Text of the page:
Kenneth Lane Thompson (born February 4, 1943) is an American pioneer of computer science. Thompson worked at Bell Labs for most of his career where he designed and implemented the original Unix operating system. He also invented the B programming language, the direct predecessor to the C programming language, and was one of the creators and early developers of the Plan 9 operating system. Since 2006, Thompson has worked at Google, where he co-invented the Go programming language.
Kenneth Lane Thompson
February 4, 1943
|Alma mater||University of California, Berkeley (B.S., 1965; M.S., 1966)|
Other notable contributions included his work on regular expressions and early computer text editors QED and ed, the definition of the UTF-8 encoding, his work on computer chess that included creation of endgame tablebases and the chess machine Belle.
- 1 Early life and education
- 2 Career and research
- 3 Awards
- 4 Personal life
- 5 References
- 6 External links
Early life and educationEdit
Thompson was born in New Orleans. When asked how he learned to program, Thompson stated, "I was always fascinated with logic and even in grade school I'd work on arithmetic problems in binary, stuff like that. Just because I was fascinated."
Thompson received a Bachelor of Science in 1965 and a Master's degree in 1966, both in Electrical Engineering and Computer Science, from the University of California, Berkeley, where his master's thesis advisor was Elwyn Berlekamp.
Career and researchEdit
Thompson was hired by Bell Labs in 1966. In the 1960s at Bell Labs, Thompson and Dennis Ritchie worked on the Multics operating system. While writing Multics, Thompson created the Bon programming language. He also created a video game called Space Travel. Later, Bell Labs withdrew from the MULTICS project. In order to go on playing the game, Thompson found an old PDP-7 machine and rewrote Space Travel on it. Eventually, the tools developed by Thompson became the Unix operating system: Working on a PDP-7, a team of Bell Labs researchers led by Thompson and Ritchie, and including Rudd Canaday, developed a hierarchical file system, the concepts of computer processes and device files, a command-line interpreter, pipes for easy inter-process communication, and some small utility programs. In 1970, Brian Kernighan suggested the name "Unix", in a somewhat treacherous pun on the name "Multics". After initial work on Unix, Thompson decided that Unix needed a system programming language and created B, a precursor to Ritchie's C.
In the 1960s, Thompson also began work on regular expressions. Thompson had developed the CTSS version of the editor QED, which included regular expressions for searching text. QED and Thompson's later editor ed (the standard text editor on Unix) contributed greatly to the eventual popularity of regular expressions, and regular expressions became pervasive in Unix text processing programs. Almost all programs that work with regular expressions today use some variant of Thompson's notation. He also invented Thompson's construction algorithm used for converting regular expression into nondeterministic finite automaton in order to make expression matching faster.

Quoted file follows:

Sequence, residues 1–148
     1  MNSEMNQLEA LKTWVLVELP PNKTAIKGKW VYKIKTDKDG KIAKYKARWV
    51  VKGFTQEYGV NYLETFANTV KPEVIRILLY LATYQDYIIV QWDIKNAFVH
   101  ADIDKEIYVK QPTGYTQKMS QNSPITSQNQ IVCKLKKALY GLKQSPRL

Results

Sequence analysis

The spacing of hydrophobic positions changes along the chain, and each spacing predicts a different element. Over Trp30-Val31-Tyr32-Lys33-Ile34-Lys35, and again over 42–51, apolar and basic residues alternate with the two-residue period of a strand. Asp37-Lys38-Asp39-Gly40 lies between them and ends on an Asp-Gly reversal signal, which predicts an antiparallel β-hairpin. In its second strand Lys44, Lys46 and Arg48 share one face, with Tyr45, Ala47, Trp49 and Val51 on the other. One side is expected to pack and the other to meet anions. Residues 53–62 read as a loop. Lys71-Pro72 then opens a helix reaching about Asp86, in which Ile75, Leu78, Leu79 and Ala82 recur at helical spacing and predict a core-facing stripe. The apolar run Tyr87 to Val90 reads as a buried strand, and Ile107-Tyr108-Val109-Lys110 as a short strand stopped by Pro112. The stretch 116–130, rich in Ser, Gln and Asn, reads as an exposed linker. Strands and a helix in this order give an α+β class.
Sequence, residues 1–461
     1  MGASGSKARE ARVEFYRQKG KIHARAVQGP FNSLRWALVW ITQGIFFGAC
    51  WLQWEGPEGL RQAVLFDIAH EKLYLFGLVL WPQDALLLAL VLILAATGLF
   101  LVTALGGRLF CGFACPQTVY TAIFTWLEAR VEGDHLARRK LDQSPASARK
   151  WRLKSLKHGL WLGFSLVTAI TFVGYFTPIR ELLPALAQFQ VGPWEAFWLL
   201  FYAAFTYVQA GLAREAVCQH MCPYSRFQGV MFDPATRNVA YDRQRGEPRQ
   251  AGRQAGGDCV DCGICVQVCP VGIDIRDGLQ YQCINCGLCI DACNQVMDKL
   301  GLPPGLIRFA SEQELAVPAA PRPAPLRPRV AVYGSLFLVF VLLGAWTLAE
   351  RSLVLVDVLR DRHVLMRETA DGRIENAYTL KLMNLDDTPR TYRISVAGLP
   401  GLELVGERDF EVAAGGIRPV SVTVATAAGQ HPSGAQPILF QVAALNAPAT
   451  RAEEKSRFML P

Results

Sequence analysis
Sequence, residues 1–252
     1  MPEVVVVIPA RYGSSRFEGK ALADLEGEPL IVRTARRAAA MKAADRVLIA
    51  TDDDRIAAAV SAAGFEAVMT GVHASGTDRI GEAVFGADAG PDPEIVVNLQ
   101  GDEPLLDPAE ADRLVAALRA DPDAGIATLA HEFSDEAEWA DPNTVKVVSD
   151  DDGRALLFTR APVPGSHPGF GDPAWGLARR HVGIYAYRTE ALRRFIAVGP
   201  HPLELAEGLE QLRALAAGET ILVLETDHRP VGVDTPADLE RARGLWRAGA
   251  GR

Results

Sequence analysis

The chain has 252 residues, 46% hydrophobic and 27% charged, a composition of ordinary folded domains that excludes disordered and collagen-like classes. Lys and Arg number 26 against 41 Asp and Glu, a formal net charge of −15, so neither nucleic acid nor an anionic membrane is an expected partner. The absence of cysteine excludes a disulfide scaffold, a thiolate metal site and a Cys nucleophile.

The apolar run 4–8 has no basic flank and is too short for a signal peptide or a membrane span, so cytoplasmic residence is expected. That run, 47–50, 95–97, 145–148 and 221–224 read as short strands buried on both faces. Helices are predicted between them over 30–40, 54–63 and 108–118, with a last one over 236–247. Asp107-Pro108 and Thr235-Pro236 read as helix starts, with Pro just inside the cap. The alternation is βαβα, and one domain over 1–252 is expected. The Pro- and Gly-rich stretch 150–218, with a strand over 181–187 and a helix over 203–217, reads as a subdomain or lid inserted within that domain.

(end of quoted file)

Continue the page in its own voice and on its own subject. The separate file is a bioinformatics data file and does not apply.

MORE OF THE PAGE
Throughout the 1970s, Thompson and Ritchie collaborated on the Unix operating system; they were so influential on Research Unix that Doug McIlroy later wrote, "The names of Ritchie and Thompson may safely be assumed to be attached to almost everything not otherwise attributed." In a 2011 interview, Thompson stated that the first versions of Unix were written by him, and that Ritchie began to advocate for the system and helped to develop it:
I did the first of two or three versions of UNIX all alone. And Dennis became an evangelist. Then there was a rewrite in a higher-level language that would come to be called C. He worked mostly on the language and on the I/O system, and I worked on all the rest of the operating system. That was for the PDP-11, which was serendipitous, because that was the computer that took over the academic community.
Feedback from Thompson's Unix development was also instrumental in the development of the C programming language. Thompson would later say that the C language "grew up with one of the rewritings of the system and, as such, it became perfect for writing systems".
In 1975, Thompson took a sabbatical from Bell Labs and went to his alma mater, UC Berkeley. There, he helped to install Version 6 Unix on a PDP-11/70. Unix at Berkeley would later become maintained as its own system, known as the Berkeley Software Distribution (BSD).
Ken Thompson wrote a chess-playing program called "chess" for the first version of Unix (1971). Later, along with Joseph Condon, Thompson created the hardware-assisted program Belle, a world champion chess computer. He also wrote programs for generating the complete enumeration of chess endings, known as endgame tablebases, for all 4, 5, and 6-piece endings, allowing chess-playing computer programs to make "perfect" moves once a position stored in them is reached. Later, with the help of chess endgame expert John Roycroft, Thompson distributed his first results on CD-ROM. In 2001, ICGA Journal devoted almost entire issue to Ken Thompson's various contributions to computer chess.
Throughout the 1980s, Thompson and Ritchie continued revising Research Unix, which adopted a BSD codebase for the 8th, 9th, and 10th editions. In the mid-1980s, work began at Bell Labs on a new operating system as a replacement for Unix. Thompson was instrumental in the design and implementation of the Plan 9 from Bell Labs, a new operating system utilizing principles of Unix, but applying them more broadly to all major system facilities. Some programs that were part of later versions of Research Unix, such as mk and rc, were also incorporated into Plan 9.
Thompson tested early versions of the C++ programming language for Bjarne Stroustrup by writing programs in it, but later refused to work in C++ due to frequent incompatibilities between versions. In a 2009 interview, Thompson expressed a negative view of C++, stating, "It does a lot of things half well and it's just a garbage heap of ideas that are mutually exclusive."